Under Buhari, it is not just the GDP that has shrunk. The Middle class, which grew in the 2000s and seemed primed to become the bedrock of democratic accountability, has been decimated. No objective observer today considers the Nigerian middle class the democratic buffer that it seemed destined to be.

Mr. Buhari is only the latest elected president to thump his nose at the voters, fearing no electoral payback. This arrogance of power is fueled by one factor: with the almost unchecked power of incumbency, which can be deployed to manipulate the vote or to muzzle the opposition and win a default victory, incumbents fear little electoral consequence for their actions.

Previous elected presidents have governed in a similarly indifferent way, and only in 2015 did an incumbent finally pay a price for governing poorly and betraying voters’ confidence. That was however an aberration enabled by a weak president who lacked the confidence, ambition, and guile of other presidents. Overall, there has been no electoral recompense at the ballot box.

Fetishizing Liberal Democracy

Why is it possible for elected presidents to abuse democracy in such a manner while using its rhetoric and the legitimacy obtained through elections to bolster their power and undermine the stability of the polity? The other question is, what is the endpoint of the corrosive effect of these expensive “democratic” charades? The debasement of valorized democratic principles by Nigeria’s political elite has a genealogy that should be excavated in order to illustrate Nigeria’s ill-fated trajectory of democratization.

In the 1990s, when a plethora of Western foundations and governments encouraged and funded democratization in Nigeria and other African states, three critical, interrelated mistakes underpinned these efforts. One was an assumption that liberal democracy was its own justification and that Africans, traumatized by different iterations of dictatorship, would simply grasp democracy’s inherent virtues and take proprietary ownership of it precisely because it is superior to other forms of government.

The second was a somewhat contradictory and deceptive association of democracy with development. In this rhetoric, democracy and development were Siamese twins, feeding off of each other. Democracy, in this orthodoxy, was the original, catalytic order of things, without which development was impossible.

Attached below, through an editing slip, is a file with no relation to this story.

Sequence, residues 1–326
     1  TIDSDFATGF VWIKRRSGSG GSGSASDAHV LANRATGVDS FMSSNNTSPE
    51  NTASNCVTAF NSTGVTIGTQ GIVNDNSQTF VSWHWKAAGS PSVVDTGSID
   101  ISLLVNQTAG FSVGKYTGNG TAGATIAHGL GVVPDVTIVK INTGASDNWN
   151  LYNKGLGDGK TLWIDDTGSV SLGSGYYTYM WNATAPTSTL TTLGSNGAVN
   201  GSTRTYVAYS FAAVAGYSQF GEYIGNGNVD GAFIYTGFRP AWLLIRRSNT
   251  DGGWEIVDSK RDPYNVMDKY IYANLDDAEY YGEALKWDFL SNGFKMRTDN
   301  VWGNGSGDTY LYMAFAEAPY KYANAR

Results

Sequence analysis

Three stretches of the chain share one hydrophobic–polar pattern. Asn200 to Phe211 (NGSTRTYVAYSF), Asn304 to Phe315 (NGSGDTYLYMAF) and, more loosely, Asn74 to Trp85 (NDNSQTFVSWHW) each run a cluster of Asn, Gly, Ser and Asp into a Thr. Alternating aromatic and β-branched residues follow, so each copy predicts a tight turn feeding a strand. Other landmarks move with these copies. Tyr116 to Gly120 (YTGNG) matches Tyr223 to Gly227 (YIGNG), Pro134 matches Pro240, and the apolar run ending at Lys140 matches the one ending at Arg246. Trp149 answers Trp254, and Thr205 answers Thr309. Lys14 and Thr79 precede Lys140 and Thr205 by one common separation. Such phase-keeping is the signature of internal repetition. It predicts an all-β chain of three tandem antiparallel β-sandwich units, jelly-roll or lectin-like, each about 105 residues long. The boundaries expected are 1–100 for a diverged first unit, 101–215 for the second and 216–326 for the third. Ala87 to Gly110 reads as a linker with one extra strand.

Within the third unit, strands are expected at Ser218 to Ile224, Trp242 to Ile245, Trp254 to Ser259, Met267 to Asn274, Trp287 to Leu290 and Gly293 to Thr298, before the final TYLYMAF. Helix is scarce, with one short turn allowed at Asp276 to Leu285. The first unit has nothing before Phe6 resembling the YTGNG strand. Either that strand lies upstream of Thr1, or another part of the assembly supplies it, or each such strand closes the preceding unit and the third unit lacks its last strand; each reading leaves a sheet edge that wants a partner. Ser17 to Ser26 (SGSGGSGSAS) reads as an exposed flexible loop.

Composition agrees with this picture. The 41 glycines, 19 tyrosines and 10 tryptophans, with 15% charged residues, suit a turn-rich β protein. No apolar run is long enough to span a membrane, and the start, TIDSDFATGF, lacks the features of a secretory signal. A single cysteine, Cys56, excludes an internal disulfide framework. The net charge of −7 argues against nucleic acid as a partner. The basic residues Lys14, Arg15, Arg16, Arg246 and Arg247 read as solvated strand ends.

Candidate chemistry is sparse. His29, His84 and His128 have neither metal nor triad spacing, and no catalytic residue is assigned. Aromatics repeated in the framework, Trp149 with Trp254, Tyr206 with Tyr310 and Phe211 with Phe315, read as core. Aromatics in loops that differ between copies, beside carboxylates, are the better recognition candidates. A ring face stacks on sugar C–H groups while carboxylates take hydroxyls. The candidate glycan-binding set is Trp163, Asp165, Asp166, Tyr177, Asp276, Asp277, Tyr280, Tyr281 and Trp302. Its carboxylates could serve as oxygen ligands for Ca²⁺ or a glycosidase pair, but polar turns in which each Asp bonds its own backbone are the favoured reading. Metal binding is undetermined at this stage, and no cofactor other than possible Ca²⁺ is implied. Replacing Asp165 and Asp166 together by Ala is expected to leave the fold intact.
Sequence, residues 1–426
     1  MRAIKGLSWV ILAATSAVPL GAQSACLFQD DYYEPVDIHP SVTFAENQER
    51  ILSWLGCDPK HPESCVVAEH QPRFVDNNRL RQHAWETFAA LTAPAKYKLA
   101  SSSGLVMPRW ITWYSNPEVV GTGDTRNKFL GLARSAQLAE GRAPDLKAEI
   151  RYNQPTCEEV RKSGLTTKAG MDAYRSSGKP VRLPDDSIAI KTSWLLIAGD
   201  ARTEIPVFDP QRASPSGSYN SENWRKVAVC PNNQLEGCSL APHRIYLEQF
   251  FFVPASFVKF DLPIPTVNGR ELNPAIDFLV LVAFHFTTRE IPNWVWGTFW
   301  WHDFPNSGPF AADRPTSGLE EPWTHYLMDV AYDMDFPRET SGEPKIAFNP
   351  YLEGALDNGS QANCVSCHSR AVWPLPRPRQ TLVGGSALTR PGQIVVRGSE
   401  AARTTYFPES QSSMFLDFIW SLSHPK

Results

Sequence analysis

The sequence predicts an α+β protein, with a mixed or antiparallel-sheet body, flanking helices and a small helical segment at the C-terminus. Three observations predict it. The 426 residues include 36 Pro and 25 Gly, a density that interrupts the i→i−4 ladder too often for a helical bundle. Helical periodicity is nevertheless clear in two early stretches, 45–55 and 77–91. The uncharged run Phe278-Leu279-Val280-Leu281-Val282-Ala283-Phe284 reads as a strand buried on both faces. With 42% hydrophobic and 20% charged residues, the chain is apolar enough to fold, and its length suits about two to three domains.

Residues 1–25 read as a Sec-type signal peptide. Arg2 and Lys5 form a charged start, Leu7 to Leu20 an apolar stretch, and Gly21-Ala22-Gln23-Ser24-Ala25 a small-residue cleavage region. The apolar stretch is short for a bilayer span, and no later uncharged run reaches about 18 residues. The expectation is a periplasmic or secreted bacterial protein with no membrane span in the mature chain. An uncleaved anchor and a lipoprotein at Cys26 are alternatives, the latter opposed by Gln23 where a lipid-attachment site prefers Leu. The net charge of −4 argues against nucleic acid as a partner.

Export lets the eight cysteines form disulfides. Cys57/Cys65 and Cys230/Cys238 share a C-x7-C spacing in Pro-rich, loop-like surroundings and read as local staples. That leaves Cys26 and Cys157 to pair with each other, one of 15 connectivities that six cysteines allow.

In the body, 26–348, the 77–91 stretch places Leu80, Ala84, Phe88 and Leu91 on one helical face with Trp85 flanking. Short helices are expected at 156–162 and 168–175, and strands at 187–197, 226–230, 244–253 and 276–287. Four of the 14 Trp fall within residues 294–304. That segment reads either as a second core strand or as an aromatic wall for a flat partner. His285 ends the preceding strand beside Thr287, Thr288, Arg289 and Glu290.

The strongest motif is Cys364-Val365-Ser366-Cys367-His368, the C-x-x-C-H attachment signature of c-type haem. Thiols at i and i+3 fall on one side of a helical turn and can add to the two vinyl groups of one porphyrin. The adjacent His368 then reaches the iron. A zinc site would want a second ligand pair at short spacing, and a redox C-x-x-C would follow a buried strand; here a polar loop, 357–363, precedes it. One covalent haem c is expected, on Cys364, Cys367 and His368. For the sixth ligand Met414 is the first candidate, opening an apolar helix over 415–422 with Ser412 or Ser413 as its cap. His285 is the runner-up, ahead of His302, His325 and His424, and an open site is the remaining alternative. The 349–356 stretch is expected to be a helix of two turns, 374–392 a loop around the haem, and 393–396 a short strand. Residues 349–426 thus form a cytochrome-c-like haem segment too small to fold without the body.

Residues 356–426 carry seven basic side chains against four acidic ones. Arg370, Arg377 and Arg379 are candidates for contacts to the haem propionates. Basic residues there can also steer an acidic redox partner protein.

The notion that democracy was synonymous with the amelioration of socioeconomic lag was a staple of Western prodemocracy propaganda. This functionalist, instrumental rhetoric on democracy was then taken up uncritically and amplified by Nigerian partners of Western democracy advocates. Over time, it fossilized into a banal folk wisdom which held that participating in democratic processes, especially elections, was a way of assuring one’s socioeconomic future and/or improving one’s present condition.

In the incestuous and cacophonous world of prodemocracy jargons, neither African prodemocracy activists nor their Western ideological and financial benefactors thought about disentangling democracy from development. The two became intertwined in the minds of Nigerians. This rhetoric of democracy as a prelude to development inspired unrealistic expectations that democracy, liberal or otherwise, can never fulfill. I will return to this theme shortly.

The third error was the belief that Nigerian political actors would regard the democratic process and the institutions that safeguard it as sacrosanct, and that politicians would be accountable to the citizens they serve. The idea of public service as a platform to serve the public and of elections as the arbiter of this paradigm of service was a cardinal element in Western prodemocracy advocacy and was a blind spot in the cognition of local activists who echoed and fought out this advocacy on the ground.

Western democratization theories argue that incumbents have a “desire to impress the voters” because if they do not they will be punished at the ballot box in the next election and if they do they will be rewarded.[4] This may make sense in a perfect theoretical world, but in African settings, incumbents do not fear electoral punishment because they control the levers of power that are critical to determining electoral outcomes, so the theoretical incentive to do right by voters is nullified in reality.

None of the aforementioned prognostications has materialized in Nigeria. On the contrary, political leaders have acted in disregard for the rules, norms, and processes codified as guiding legal and constitutional frameworks for Nigerian democratic practice.

Democracy as Corruption

Nigerians who yearned for electoral democracy in the belief that it would deliver development have been left disappointed. The material promise of democracy, that is, the supposed correlation between democracy and improved standards of living that was at the heart of the prodemocracy advocacy of the 1990s, has yet to materialize for Nigerians in almost twenty unbroken years of democratic practice.

What’s more, under the guise of democracy, Nigerian political leaders have found the perfect alibi for corruption: the very legal processes designed to promote transparency, probity, and procedural integrity. Democracy has provided the perfect cover for corruption – massive corruption. Democracy has – forgive the redundancy – democratized corruption. Under military rule, corruption was a quasi-monopoly; it was tightly controlled by a small cohort. Under Nigeria’s current democratic order, the need to cultivate political support and immunity means that the loot has to circulate, expanding the network of patronage and corruption.